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Greek food is delicious and varied, but something you may not know is that it is vegetable-based. Indeed, a quick look at the history of vegetarianism shows that it has origins in the ancient Indian and Greek civilisations, so it is not surprising that the habits continue to thrive, with vegetarian and vegan options available in many tavernas and restaurants. Here is a list of vegetarian-friendly food you can find in virtually every taverna in Greece, depending on the season.
Greek salad is the most famous and basic dish you will find on every menu. This fresh, flavourful salad, consisting of tomatoes, olive, cucumbers, onions and feta cheese, is seasoned with salt and oregano, olive oil, vinegar and sometimes lemon juice.
Lahanosalata is a classic winter salad. As Greeks tend to eat according to the season, cabbage becomes heavily featured on menus during the colder months. As such, this variant of coleslaw without the creamy dressing is simply delicious. While the recipe may vary slightly depending on which region you are in, the cabbage salad includes shredded cabbage and carrots, olive oil, lemon juice and salt and pepper.
The most common form of vegetable fritters you will find are kolokithokeftedes (or squash fritters), but depending on the area and recipes, you may also find tomatokeftedes (tomato fritters), eggplants and so on. Tzatziki sauce usually accompanies these fritters for dipping.
This Cretan-style salad, also called koukouvayia, is a slice of soaked barley rusk covered with chopped or grated tomato, crumbled feta or mizithra cheese and olive oil. This dish is a tasty and healthy meal, providing you with fibre and antioxidants.
Served cold or still slightly warm, beetroots are delicious on their own, but they are often paired with skordalia, a garlicky potato purée. Usually boiled, they are seasoned and served with a dash of olive oil.
A dietician’s dream food, briam is the equivalent of the French ratatouille. Part of the ladera style of dishes (vegetables cooked in an olive oil-based sauce), it consists of chunks of zucchini, potatoes, and eggplant baked in an oven and mixed with tomato sauce and olive oil.
Growing virtually everywhere, wild leafy greens, such as vlita, beet, dandelion or other local greens, are boiled, seasoned and served with olive oil and lemon. Healthy, simple and tasty, all you need to do is savour them with some bread, and you’re good to go!
The staple meze in every Greek restaurant across the world, dolmades are delectable vine leaves stuffed with lemon-flavored rice, fresh herbs and spices and then rolled up.
You can never go wrong with ordering a plate of fava. This delicious dip/purée features a blend of split peas and olive oil. Sometimes garnished with onions and capers, it’s even better when paired with some bread.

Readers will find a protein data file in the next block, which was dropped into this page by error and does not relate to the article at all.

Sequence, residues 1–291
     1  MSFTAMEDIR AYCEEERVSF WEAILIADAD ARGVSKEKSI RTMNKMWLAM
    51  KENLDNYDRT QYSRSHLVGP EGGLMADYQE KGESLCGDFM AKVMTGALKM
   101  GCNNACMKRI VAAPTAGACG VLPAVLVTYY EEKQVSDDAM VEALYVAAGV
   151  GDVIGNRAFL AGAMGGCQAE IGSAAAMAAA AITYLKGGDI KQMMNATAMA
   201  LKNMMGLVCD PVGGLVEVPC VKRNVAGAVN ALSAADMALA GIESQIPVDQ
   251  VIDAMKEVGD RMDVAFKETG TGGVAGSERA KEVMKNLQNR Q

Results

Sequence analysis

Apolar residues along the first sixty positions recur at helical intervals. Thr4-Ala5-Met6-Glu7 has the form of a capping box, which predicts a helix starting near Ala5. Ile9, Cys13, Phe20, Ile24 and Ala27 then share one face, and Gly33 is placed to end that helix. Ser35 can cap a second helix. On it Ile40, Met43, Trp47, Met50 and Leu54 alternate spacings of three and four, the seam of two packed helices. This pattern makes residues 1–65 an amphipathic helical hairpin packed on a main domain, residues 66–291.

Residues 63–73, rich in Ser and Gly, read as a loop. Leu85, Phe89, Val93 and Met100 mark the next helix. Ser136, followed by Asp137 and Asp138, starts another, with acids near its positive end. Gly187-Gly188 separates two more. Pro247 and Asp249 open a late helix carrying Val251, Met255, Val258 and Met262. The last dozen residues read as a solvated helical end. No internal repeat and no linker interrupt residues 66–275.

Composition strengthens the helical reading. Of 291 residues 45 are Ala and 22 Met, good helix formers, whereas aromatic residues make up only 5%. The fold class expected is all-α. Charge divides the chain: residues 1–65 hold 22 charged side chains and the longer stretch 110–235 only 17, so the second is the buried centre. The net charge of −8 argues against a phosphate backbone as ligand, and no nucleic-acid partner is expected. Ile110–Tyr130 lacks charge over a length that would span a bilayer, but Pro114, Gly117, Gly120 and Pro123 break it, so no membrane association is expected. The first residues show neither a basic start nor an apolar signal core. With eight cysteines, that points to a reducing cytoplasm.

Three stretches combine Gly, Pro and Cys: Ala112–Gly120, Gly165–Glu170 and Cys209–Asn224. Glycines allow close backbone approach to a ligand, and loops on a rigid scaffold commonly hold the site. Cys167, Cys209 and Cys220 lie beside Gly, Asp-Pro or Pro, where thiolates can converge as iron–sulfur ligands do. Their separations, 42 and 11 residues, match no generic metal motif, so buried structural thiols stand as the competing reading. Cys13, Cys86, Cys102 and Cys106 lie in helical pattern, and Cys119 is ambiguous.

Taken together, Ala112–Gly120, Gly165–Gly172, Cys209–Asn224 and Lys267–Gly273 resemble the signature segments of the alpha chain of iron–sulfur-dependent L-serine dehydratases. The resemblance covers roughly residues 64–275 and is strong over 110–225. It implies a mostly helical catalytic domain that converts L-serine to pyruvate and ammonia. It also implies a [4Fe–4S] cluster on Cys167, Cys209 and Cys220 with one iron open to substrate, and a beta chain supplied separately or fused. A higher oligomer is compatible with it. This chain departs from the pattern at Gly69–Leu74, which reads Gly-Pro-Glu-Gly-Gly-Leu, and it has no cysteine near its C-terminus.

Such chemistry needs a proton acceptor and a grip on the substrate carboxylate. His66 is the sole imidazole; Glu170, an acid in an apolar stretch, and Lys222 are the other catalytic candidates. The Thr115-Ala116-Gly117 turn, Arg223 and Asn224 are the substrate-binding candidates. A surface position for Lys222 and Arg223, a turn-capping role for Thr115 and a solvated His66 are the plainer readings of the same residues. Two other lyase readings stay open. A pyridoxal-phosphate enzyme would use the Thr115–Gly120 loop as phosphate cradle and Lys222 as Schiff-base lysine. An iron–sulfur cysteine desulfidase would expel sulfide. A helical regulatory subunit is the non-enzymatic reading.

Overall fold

A healthy and satisfying dish, gigantes are broad beans (butter beans) baked in a thick, sweet tomato sauce, although you may find them cooked in a variety of ways. Sometimes they have crumbled feta cheese on top as a garnish.
This toothsome dish, called imam or imam baldi, dates back to the Ottoman period and consists of sliced eggplants cooked with oil, tomatoes, onions and spices. It can be roasted or baked in an oven.
The ubiquitous spanakopita (or spinach pie) is a baked phyllo pastry stuffed with spinach and onion. Sometimes feta cheese is also included in the mix. You can eat these tasty delicacies as a snack, a side dish or even a main meal.
A creamy and appetising recipe, spanakorizo is a rice dish made with spinach, onion and seasoning and has the consistency of risotto. Easy to make and full of flavour, it can be a main or side dish.
This refreshing yogurt-based sauce includes cucumbers, dill and garlic. Usually served as a dip, it is also used in pittas (yes, you can even find the ikologiko souvlaki, the meatless version of the all-time favourite street food).
Hearty and filling, gemista (meaning stuffed or filled) are oven-baked tomatoes or bell peppers stuffed with a filling of rice, veggies and fresh herbs. Of course, there are many variants of this dish, but the result will always make your mouth water.
Greek cuisine includes a type of dish commonly called ladera, which means cooked in oil, or oily. Almost always vegetarian, these vegetable stews (or casseroles) consist of a variety of vegetables cooked (often baked in an oven) with oil and tomato sauce and include okra (bamies), green beans, stuffed tomatoes, zucchini, eggplant and legumes. Usually eaten as a main dish, it can also contain feta cheese, and an extensive amount of bread for dipping often accompanies it.